FDL requirements for original author

Ben Finney bignose+hates-spam at benfinney.id.au
Sat Feb 9 13:00:14 UTC 2008

Yavor Doganov <yavor at gnu.org> writes:

> Software is useless without a computer to compile (and/or interpret)
> and execute it

Yes, that's true even for software that is not executed.

> while a you can read a printed manual in the park without any
> machine at all.

The example of printing cryptographic programs in order that they
could be exported from the USA has already been raised. Another
example of the folly of trying to apply different rules to a bitstream
depending on its interpretation in a particular situation.

> Not all written bits of digitally representable information are
> useful for the society to be modified, so I find it hard to believe
> that a math book with an invariant section "Dedicated to John Doe,
> my first student at the Foo University" renders the work non-free.

This is easy to present a counter-example: I might like to excerpt a
useful passage from such a work and include it in mine. My work is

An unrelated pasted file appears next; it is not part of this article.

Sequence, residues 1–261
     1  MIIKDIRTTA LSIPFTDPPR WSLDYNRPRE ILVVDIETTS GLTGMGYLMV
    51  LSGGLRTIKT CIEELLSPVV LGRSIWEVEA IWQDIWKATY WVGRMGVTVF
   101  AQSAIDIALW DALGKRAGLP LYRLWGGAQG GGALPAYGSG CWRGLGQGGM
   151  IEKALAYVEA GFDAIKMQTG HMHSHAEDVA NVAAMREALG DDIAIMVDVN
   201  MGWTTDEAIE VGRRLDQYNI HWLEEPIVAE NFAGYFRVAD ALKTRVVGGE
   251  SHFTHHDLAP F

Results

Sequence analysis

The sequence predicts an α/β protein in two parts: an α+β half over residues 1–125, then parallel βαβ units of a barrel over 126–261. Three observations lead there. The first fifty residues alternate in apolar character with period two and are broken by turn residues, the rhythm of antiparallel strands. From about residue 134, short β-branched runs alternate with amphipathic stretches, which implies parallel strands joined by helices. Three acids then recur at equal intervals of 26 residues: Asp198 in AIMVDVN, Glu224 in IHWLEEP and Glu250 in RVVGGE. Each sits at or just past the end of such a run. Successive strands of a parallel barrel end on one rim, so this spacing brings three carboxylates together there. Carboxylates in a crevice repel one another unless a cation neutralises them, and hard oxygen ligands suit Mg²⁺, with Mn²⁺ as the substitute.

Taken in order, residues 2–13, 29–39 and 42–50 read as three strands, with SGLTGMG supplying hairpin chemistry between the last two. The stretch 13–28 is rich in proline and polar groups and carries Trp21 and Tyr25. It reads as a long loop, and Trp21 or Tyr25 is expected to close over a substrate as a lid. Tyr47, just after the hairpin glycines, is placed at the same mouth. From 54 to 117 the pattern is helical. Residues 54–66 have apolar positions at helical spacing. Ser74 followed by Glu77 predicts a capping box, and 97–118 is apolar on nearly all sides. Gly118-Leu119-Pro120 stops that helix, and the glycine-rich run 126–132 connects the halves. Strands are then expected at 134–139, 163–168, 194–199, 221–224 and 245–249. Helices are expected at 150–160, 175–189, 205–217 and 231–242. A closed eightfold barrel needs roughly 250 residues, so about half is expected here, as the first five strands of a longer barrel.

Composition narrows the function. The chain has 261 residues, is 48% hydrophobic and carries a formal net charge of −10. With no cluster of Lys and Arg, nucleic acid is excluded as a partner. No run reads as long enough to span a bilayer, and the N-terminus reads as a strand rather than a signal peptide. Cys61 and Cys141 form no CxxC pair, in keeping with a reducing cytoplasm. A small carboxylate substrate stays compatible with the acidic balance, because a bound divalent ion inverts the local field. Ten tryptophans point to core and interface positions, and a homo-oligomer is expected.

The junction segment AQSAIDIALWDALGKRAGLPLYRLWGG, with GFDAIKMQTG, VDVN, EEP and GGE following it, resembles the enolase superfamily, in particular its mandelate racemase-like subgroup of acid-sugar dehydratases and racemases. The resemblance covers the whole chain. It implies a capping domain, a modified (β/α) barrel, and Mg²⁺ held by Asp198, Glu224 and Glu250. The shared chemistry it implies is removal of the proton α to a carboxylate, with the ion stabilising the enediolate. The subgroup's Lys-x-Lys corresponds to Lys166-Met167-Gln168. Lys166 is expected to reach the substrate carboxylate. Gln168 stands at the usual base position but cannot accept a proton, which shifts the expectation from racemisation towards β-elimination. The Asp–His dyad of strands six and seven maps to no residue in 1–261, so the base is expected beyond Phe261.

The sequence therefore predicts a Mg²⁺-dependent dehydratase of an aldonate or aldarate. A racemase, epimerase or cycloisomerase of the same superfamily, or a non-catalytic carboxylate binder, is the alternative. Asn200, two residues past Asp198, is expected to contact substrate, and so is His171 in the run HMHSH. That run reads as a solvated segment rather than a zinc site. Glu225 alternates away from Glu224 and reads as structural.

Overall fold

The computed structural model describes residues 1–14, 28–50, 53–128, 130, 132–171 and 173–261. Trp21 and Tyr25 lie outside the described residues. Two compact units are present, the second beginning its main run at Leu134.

*not* dedicated to John Doe, and I have never had students at Foo

Having that dedication as an unmodifiable, unremovable section
attached to the passage means I must *lie* if I want to include that
passage in my work. That is a non-free restriction.

Other counter-examples are possible, but it would overburden this
thread to enumerate them all. Hopefully, now that it's demonstrated,
you no longer find it hard to believe that such a restriction is

> It would be substantially easier if judgement about freeness of a
> work is a boolean value, e.g. "This byte is modifiable, it is free"
> or "This byte is not modifiable, it is non free".

Fortunately, there is no copyright jurisdiction (to my knowledge) that
allows copyright on individual bytes, so this isn't an issue.

> But human brains are not mechanical parsers, and issues like these
> deserve serious thought; not always the easiest implementation/route
> is the right one.

Here we agree.

> The GNU FDL, although not ideal in some circumstances, is the most
> suitable license for such type of works.

I disagree. The FDL was specifically designed for manuals accompanying
programs. I argue instead that, because of the incompatibility between
the FDL and works commonly applied to programs, a better choice
instead is to apply the *same* license to both the program and the
manual that accompanies it.

> The new versions coming out soon will be even better.

I hope you're right.

 \         “True greatness is measured by how much freedom you give to |
  `\      others, not by how much you can coerce others to do what you |
_o__)                                               want.” —Larry Wall |
Ben Finney

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